Sen. Aaron Bean

MGN Online

A revived bill that wades into the abortion debate has passed its first Florida Senate Committee, but not without opposition.

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Bills aimed at fixing a glitch in a Florida law have cleared their first legislative committees in the House and Senate. The two measures could get more pro bono attorneys to help kids with special needs.

Nick Evans / WFSU News

The Florida legislature is weighing a transportation related measure in the final days of session. Lawmakers are considering revising laws related to self-driving cars, driving under the influence and specialty license plates.

Rep. Larry Metz (R-Yalaha)
Florida Channel

Legislation banning so called sanctuary policies has passed the Florida House. But it’s unclear whether the Senate will advance the bill in the final week of session.

Florida Sheriffs Association

While a raft of immigration legislation is moving through the Florida House, similar proposals in the Senate appear to be on the back burner.

Florida Channel

The Florida Senate has unanimously passed a bill making it easier for foster care kids to obtain a driver’s license as well as car insurance.

Sen. Aaron Bean (R-Jacksonville) talks Medicaid expansion plans
LHatter / WFSU News

Florida could see the position of Secretary of State turn from an appointed position to an elected one. A Fernandina Beach lawmaker filed legislation filed this session to do just that.

Florida Channel

The new head of the Florida budget panel for criminal and civil justice is giving his fellow members some homework.

Protecting sensitive medical records from hackers, licensing out-of-state doctors, policing Medicaid fraud. Those are just a few issues Florida’s Telehealth Advisory Council is about to tackle.

Intel Free Press

Florida lawmakers have been weighing how to regulate telemedicine—generating debate between doctors’ groups and other healthcare providers. The House has been moving its telehealth proposal along, but the Senate version of the bill had its first hearing Tuesday.

Under the federal health law states have the option to expand their Medicaid programs to include more low-income people. A million more Floridians are eligible for Medicaid under the law. The legislature rejected the expansion in favor of state-based solutions. Earlier in the week a Senate panel endorsed two alternative proposals to the expansion and Friday it was the House’s turn.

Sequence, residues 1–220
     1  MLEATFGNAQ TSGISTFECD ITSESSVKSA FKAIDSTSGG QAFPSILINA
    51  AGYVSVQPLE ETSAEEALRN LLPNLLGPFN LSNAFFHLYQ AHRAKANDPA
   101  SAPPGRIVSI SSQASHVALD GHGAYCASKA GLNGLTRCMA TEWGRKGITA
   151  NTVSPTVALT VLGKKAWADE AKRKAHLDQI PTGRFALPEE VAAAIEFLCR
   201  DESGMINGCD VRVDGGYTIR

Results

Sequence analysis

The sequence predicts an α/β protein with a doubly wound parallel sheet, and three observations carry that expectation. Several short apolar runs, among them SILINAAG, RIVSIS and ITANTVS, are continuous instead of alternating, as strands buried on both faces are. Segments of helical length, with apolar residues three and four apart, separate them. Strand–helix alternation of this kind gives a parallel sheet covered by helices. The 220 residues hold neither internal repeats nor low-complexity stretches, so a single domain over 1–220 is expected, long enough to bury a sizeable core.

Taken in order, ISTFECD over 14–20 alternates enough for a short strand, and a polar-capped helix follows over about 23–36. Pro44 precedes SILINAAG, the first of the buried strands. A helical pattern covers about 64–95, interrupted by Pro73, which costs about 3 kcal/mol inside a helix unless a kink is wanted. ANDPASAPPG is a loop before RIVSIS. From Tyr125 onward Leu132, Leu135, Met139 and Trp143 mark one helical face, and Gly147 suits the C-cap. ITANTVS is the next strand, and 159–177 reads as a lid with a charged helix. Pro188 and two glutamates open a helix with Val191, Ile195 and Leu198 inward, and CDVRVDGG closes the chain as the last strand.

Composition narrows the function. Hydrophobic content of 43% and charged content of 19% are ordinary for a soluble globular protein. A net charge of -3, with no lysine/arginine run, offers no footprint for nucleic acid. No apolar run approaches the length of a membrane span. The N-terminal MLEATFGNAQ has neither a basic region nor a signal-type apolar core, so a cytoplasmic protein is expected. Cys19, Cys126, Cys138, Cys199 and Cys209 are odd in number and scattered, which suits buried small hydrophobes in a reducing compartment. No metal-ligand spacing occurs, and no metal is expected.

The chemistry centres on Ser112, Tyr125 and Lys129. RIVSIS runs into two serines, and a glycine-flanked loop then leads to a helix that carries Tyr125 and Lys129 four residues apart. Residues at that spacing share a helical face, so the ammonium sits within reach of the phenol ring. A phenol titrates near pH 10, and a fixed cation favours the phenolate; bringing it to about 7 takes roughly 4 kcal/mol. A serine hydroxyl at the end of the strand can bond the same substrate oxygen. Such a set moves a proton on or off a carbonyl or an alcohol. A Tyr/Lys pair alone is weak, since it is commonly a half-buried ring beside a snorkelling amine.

LHatter / WFSU

Florida lawmakers continue to grapple with how best to serve the state’s uninsured population.  The group is estimated to be nearly four million, and the federal health law would have sent down enough money to cover a million of them by expanding Medicaid. But Florida lawmakers rejected that in favor of a state-based plan. 

Three proposals are on the table which would cover between 60,000 to a million uninsured Floridians, but with time running out, no clear path in sight, some say it’s time for a compromise.

The Florida House has reinforced its decision not to accept any federal funding to extend health insurance coverage to people who would have otherwise qualified to it under the Affordable Care Act. Instead, the House is going with its own scaled back plan which received approval from the chamber’s health committee set up to examine the law.

Florida House of Representatives

Reactions to a house plan expanding health insurance coverage to an additional 115,000 uninsured Floridians is getting the cold shoulder from Governor Rick Scott and healthcare groups. The measure is the House's response to the federal Medicaid expansion, which lawmakers rejected last month.

Florida House Speaker Will Weatherford and Representative Richard Corcoran have crafted an alternative to the Federal Medicaid Expansion under the Affordable Care Act.

The plan is similar to one in the Senate by Aaron Bean that relies on state funding only to allow more people to purchase private health insurance plans.

A “Plan C” alternative to expanding Medicaid under the federal health law is now moving through the Senate. The proposal by Republican Senator Aaron Bean, cleared its first committee on a party line vote.

The Florida Senate

Florida lawmakers rejected an expansion of the state’s Medicaid program under the Affordable Care Act but are coming up with alternatives.

Republicans balked at the expansion, saying federal support can’t be guaranteed. They grumbled at a proposal by Sen. Joe Negron that relies on federal Medicaid money to steer the eligible population into the state’s kidcare program, but another Senator is putting forth an alternative to that alternative which would cover fewer people, and doesn’t rely on federal money.

"Bean-Care" Released As Alternative To Medicaid Expansion

Apr 1, 2013

In a possible alternative to expanding Medicaid, a Senate committee Tuesday is expected to take up a proposal aimed at helping low-income Floridians get health services --- while turning down billions of dollars in federal money.

The proposal, which Senate Health Policy Chairman Aaron Bean has helped draw up, would create the "Health Choice Plus Program" and would target adults whose incomes are below 100 percent of the federal poverty level.